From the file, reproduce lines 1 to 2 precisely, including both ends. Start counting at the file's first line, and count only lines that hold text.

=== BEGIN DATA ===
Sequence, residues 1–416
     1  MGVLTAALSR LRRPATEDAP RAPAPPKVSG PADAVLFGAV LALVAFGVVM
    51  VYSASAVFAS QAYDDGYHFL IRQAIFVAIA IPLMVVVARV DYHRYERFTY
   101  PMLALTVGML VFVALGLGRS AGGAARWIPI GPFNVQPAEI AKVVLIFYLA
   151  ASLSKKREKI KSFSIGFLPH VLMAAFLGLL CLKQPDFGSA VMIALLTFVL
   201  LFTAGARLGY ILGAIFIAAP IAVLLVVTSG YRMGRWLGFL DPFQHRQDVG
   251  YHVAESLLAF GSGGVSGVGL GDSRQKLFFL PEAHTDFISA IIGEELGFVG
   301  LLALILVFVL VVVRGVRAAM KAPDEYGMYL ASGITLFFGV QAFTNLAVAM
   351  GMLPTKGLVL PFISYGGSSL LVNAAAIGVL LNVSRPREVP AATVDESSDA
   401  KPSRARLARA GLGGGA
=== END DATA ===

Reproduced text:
Sequence, residues 1–416
     1  MGVLTAALSR LRRPATEDAP RAPAPPKVSG PADAVLFGAV LALVAFGVVM